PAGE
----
Tag Archives: philippine education

#13: Loose Analysis of Questioning in Philippine Education with Geert Hofstede’s 5-D Cultural Model

Most schools in the Philippines, I intuit, have the habit of giving us answers while leaving us in the dark about the right questions. At once it is easy to find out some contributing factors to this. When we recall our childhoods, it’s more likely that our elders suppressed our impulse to ask questions – an honorable impulse brought about by curiosity. We also have a derisive term for a constant questioner: the pilosopo.

It is said that education (especially the public sort) can affect all the citizens of any nation. Therefore the culture of any country is a good enough indicator of the education taking place there. To analyze culture we use Geert Hofstede’s 5-D model, with the 5-D standing for five cultural dimensions: (1) power distance, (2) individualism, (3) masculinity and femininity, (4) uncertainty avoidance, and (5) long-term orientation. Here is a summary of how the Philippines fared:

(1) Power distance – 94. A very high score (the highest is 100); Filipinos generally accept the existence of unequal distribution of power in the society.

(2) Individualism – 32. A low score; Filipinos prefer to commit themselves to a group in various settings, especially school and work, instead of fending off for themselves

(3) Masculinity/Femininity – 64. This score is skewed in favor of masculinity; Filipinos, therefore, are highly achievement-oriented, have an assertive stance to daily living and conflict resolution. Femininity, on the other hand, indicates greater emphasis on “quality of life” rather than trophies.

(4) Uncertainty avoidance – 44. This score is somewhat skewed in favor of less uncertainty avoidance. Filipinos are more welcome to deviations from established norms; the manana habit and the breaking off from company protocols are some instances.

(5) Long-term orientation – 19. This score is very low; Filipinos prefer the quick “jackpot” instead of being like the ant that, during the summer, saves for the winter bit by bit.

Now what does all of these have to do with the culture of questioning in Philippine schools? Using these results can make us form a coherent picture:

(1) High power distance places teachers on a virtually unquestionable position. More often than not, students ask questions to clarify what teachers said, not to offer a challenge or to add to the lesson. Offering a challenge threatens the teacher’s sense of position in the school hierarchy. Adding something to the lesson displaces a teacher’s lesson plan and thus shakes her sense of authority. And too often we forget to ask or demand the value of the lessons we’re learning in schools. What did we learn the Binomial Theorem or the different types of algae for? Such innocuous questions, which permit gentle responses, are surprisingly unasked.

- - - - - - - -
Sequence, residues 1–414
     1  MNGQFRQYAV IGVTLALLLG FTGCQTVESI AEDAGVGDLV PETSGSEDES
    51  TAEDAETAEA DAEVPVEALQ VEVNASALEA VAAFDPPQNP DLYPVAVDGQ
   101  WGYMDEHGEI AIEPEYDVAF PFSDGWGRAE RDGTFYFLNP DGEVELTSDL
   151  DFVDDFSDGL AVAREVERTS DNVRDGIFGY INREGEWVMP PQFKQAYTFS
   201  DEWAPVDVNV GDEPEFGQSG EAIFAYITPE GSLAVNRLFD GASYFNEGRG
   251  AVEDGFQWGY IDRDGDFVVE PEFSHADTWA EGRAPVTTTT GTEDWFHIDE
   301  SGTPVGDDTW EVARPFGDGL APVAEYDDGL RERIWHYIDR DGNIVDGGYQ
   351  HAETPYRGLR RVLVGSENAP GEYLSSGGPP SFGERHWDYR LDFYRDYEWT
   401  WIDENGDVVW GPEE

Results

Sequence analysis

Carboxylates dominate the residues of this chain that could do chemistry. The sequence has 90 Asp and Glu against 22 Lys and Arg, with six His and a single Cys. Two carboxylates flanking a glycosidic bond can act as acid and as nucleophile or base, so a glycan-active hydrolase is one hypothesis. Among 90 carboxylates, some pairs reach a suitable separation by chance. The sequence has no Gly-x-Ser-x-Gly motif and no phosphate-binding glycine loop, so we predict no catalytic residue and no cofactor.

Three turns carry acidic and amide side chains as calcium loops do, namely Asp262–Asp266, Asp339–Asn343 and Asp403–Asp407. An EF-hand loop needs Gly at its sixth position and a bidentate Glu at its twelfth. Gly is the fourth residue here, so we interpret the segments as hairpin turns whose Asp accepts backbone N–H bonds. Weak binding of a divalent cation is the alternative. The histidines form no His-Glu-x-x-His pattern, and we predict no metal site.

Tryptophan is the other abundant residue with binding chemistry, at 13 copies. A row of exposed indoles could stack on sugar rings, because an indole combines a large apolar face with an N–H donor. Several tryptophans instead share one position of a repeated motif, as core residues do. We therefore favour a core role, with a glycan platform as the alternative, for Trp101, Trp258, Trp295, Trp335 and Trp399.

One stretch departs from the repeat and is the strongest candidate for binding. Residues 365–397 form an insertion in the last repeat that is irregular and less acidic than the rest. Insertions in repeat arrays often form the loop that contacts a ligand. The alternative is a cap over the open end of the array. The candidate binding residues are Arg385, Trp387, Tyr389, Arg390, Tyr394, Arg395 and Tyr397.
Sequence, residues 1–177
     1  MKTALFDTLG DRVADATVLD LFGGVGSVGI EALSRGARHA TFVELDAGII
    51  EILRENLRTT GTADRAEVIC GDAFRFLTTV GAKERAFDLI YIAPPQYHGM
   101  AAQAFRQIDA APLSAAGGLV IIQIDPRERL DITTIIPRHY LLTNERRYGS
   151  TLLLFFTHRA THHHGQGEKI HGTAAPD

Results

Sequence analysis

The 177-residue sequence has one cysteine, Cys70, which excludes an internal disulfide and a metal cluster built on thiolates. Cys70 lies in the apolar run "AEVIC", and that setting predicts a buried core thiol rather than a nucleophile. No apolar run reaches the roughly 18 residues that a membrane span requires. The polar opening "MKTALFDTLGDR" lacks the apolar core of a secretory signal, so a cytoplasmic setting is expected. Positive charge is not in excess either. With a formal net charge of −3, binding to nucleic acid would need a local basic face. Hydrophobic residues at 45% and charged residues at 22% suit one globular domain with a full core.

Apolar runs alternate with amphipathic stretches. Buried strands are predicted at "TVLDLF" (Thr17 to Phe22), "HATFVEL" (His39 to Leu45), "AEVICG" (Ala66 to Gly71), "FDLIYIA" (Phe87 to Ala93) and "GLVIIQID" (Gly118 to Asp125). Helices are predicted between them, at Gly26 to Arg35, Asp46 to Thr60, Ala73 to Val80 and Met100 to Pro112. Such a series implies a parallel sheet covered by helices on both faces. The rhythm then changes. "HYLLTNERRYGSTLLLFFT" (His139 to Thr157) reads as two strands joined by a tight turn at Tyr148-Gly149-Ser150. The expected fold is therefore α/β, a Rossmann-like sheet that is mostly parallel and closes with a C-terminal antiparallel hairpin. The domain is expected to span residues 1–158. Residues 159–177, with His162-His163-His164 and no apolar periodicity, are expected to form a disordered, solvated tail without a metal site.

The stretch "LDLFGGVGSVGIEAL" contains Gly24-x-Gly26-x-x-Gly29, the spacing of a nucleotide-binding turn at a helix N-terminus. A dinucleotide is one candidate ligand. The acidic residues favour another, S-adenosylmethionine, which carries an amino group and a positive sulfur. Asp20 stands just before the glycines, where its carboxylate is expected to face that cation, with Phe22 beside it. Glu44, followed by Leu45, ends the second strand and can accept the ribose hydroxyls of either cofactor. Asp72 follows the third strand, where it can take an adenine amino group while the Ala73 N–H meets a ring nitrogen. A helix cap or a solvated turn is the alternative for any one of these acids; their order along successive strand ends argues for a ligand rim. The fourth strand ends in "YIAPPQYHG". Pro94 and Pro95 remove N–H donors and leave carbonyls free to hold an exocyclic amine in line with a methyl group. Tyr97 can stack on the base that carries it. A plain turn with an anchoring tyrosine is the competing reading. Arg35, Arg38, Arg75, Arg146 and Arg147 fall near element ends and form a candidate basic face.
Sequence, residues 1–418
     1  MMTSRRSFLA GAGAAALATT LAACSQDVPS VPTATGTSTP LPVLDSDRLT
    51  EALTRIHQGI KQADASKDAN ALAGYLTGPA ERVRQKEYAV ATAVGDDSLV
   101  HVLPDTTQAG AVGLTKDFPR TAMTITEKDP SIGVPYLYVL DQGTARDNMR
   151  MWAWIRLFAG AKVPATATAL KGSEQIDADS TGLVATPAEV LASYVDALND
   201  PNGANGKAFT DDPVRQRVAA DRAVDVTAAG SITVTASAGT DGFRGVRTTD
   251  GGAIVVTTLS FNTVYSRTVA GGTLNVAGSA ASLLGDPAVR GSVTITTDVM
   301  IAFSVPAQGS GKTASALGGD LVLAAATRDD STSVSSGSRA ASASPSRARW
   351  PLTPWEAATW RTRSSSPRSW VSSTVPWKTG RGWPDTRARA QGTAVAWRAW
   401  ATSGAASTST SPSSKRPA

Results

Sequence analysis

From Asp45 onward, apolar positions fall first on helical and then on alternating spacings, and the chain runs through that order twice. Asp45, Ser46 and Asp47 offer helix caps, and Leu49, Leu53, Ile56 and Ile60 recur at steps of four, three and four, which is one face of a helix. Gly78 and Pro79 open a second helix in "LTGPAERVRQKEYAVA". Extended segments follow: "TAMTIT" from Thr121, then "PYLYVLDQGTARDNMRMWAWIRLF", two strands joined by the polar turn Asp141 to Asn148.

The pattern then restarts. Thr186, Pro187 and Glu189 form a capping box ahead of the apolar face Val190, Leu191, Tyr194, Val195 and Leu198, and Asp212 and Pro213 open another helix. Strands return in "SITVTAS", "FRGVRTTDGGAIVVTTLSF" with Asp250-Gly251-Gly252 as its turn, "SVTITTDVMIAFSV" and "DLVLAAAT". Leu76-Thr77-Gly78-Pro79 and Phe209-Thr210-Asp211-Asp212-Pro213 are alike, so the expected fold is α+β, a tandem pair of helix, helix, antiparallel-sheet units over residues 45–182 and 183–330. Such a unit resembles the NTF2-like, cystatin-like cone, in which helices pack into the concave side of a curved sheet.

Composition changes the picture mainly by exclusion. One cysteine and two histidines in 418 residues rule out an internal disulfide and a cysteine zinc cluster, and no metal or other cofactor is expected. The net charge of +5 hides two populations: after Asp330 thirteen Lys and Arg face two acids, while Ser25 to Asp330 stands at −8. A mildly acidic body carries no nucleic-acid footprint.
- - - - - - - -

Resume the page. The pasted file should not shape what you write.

(2) Loosely, low individualism can be disabling in asking questions. Suppose you are a naturally inquisitive student surrounded by mostly “contented” classmates. If you’ll be the only one asking questions, then others will perceive you as a nonconformist and sooner you will be contented like them. It is also low individualism that causes students to do in groups what they would be willing to do as individuals, such as collective cheating and frat wars, and there is little questioning going on regarding these phenomena involving the “madness of crowds”.

(3) The masculine orientation allows Filipinos to accept scores, grades, trophies, certificates and the like as untainted marks of education. The fetish for college degrees also falls on this orientation. Unless they get lucky and someone teaches them the fine art of iconoclasm, they won’t ever ask questions like “What do grades really measure?” “What does having a diploma really imply, and what should it imply?” “Is there a correlation between grades and real-life success?” Hardly anyone of us wonders about the “quality of learning” even if we’re left in the dark as to its “quantity”.

(4) Less uncertainty avoidance should be welcome. Asking questions makes us throw off our cloak of “certain” learning invincibility and allows others to know that there are still incomplete aspects to our learning. However, by my experience, less uncertainty avoidance manifests itself by rule-breaking of sorts. In schools in the Philippines, it is a titanic struggle to be certain about one’s values (while refining them daily), especially honesty. “If you see others cheating at exams, then why shouldn’t I”? And we justify similar practices in the name of survival as we grow older.

(5) Our short-term orientation reflects our attitude towards exams and grades. Should you study for the test? Of course you should, because doing so makes you respect “practice effects”, but you should not let your studying get in the way of your learning. Short-term orientation allows students to ask “What will come out in the test?” and thus fixate them to getting good test scores. And then the students forget their learning right after the exams, after the grades, and after school. I also think that many teachers are to blame for this – instead of giving facts for the sake of rattling them again during exams, they should give facts while sharpening the minds of students (using their subject matter) so the pupils can get training on how to make sense of the facts. That training can very well persist throughout life.